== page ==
3 Suboptimal Organizational Behaviors That We Will Never Fix

Assessment, communications, and redundancy.

November 28, 2017

I’m a big fan of the predictably irrational genre. The book Predictably Irrational is of course one example. That book explains why it is normal for individuals to make bad decisions.

The work of the behavioral economists, the discipline that Richard Thaler helped get off the ground, is also all about why individuals behave sub-optimally.

Lately, I’ve been wondering if predictably irrational theory can be extended from the individual to the organization?

For all I know, this is a core tenet of the field or organizational behavior. (Can you recommend a good overview of that discipline?)

Is it possible that organizations - and here I’m thinking of colleges and universities as these are the organizations that I know best - will always and forever behave in suboptimal ways?

What I’m wondering is if the thing that binds postsecondary institutions together is not what we do well, but what we all do poorly?

Further, is it possible that if our kids were to someday work in academia that they would make the same mistakes that we make today?  Are we making the same mistakes as our academic grandparents?

Here are some organizationally irrational behaviors that I’ve seen at every school that I’ve worked at, and which seem to occur with regularity at every university that I know anything about:

Challenge #1 - Not Investing Enough in Assessment an Evaluation:

We all know that we should have an assessment and evaluation plan in place for every project and initiative that we run.  Further, we know that this plan should be in place at the beginning of the project.

How often do we act on this knowledge?

So often, we are working so hard to get things off the ground that we feel unable to develop a robust assessment plan.  With every dollar and every hour spoken for, it seems almost a luxury to evaluate at each step.

We are particularly bad at putting in place methods such as control groups for our initiatives.  There is just too little time and money.

All this means that we usually do not learn enough from our operations, projects, and initiatives as we should be.  We are challenged to make ongoing improvements as we don’t really understand the impact of our work.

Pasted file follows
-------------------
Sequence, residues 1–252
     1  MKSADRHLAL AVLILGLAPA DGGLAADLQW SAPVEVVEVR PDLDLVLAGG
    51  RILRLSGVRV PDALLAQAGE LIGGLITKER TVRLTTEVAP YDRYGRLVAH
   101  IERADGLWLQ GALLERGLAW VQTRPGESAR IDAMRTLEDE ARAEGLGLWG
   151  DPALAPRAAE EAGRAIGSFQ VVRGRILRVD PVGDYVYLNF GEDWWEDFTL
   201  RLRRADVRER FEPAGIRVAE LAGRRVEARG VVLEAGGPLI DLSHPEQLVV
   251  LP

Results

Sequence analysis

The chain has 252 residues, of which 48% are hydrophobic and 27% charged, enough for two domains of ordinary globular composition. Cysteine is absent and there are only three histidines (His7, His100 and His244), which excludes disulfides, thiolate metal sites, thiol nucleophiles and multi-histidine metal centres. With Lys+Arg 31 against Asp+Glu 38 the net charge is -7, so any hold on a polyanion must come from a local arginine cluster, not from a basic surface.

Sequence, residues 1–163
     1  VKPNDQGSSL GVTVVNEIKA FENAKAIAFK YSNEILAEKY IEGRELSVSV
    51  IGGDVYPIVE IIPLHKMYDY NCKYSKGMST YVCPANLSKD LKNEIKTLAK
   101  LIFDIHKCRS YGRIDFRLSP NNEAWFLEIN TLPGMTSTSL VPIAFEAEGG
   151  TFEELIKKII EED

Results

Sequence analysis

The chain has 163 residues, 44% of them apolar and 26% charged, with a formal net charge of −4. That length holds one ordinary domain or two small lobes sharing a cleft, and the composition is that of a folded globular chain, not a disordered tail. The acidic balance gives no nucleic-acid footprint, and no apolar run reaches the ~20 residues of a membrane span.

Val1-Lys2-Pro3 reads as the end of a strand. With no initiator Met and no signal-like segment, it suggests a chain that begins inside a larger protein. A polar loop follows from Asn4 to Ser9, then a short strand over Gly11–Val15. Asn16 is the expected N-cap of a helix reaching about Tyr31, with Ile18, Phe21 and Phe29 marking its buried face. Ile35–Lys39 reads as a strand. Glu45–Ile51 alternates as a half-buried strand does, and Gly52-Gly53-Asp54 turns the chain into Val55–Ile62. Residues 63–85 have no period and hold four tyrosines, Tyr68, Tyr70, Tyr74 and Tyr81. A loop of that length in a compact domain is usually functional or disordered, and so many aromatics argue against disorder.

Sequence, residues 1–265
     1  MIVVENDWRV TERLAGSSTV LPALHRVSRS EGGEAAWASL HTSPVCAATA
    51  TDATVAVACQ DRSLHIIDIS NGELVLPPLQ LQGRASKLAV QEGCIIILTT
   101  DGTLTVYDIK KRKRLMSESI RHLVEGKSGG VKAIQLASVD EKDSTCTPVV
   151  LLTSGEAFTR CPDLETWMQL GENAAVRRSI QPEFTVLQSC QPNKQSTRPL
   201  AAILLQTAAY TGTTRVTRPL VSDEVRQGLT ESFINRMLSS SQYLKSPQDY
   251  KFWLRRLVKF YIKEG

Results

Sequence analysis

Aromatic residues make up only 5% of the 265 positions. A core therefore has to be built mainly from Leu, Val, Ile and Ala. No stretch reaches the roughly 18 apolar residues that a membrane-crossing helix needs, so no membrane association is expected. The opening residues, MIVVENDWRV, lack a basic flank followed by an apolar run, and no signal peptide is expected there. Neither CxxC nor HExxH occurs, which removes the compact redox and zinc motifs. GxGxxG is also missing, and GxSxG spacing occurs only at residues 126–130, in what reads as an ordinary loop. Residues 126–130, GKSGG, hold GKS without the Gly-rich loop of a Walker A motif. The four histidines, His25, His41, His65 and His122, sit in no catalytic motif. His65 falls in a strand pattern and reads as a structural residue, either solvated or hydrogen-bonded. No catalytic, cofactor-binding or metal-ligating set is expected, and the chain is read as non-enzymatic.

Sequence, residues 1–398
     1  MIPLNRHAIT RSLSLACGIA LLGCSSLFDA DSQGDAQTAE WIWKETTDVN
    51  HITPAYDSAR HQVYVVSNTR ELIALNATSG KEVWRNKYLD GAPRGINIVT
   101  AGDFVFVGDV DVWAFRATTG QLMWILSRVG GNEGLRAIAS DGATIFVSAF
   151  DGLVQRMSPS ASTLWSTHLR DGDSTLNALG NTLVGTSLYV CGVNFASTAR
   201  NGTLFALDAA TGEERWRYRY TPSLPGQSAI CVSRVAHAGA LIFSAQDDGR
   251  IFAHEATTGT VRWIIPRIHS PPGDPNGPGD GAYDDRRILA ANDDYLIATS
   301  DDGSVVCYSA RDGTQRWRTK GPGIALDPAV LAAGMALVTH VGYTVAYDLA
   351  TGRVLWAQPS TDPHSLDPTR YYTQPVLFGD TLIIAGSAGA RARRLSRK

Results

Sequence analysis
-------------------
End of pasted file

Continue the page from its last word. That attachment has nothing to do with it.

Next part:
Challenge #2 - Not Investing Enough in Communications:

In any given project, what percent of the money and time should be spent on communications?  Seriously.  Does anyone have a rule of thumb?

It seems that whatever we spend on communications, and however much time we spend on this effort, that it is never ever enough.

Traditional methods of communicating seem to be breaking down.  Do the members of your campus community visit your website?  Do they read your e-mails?  Are newsletters ever opened?

The only thing that seems to work for campus communications is shoe leather.  Those who are leading projects need to spend almost all their time walking around to communicate about their projects.  Every meal is an opportunity to communicate.  Knock on doors.  Seek folks out in their offices.  Take them to coffee.   

We know all this, yet we seldom devote the time and resources to do the sort of one-to-one communications that is required for organizational change.

Challenge #3 - Assuming That There Is No Need to Invest in Resiliency or Redundancy:

Every college and university that I know is understaffed.  Every single one.  Think about that.  In 2017, postsecondary under-staffing is the norm, not the exception.

How can this be when amongst the biggest complaints we hear from postsecondary critics is about bloated staffs and too many administrators?  Where is the disconnect between those who say that our colleges and universities are too expensive because of too many people, and those who work on our campuses who are juggling too much work for too few people?

The age of permanent scarcity in higher education has forced organizations to severely limit their hiring.  What is left is not enough people to do all the work that needs go get done.  Especially as higher education has moved to a 24/7/365 enterprise.

This under-staffing gets worse whenever some employees can’t come to work.  If there is a medical issue - if someone has to take care of a parent or a kid or something else - then those left behind need to pick up the slack.  Staffing decisions are never made with an eye towards redundancy and resiliency.  People are too expensive, and budget are too tight.

I’m thinking that all three of these challenges are normal to all higher education organizations.  For all I know, they are normal to all organizations.  They are normal problems.  Endemic to higher ed.  Is that right?

What normal problems would you add to the list?

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Joshua Kim

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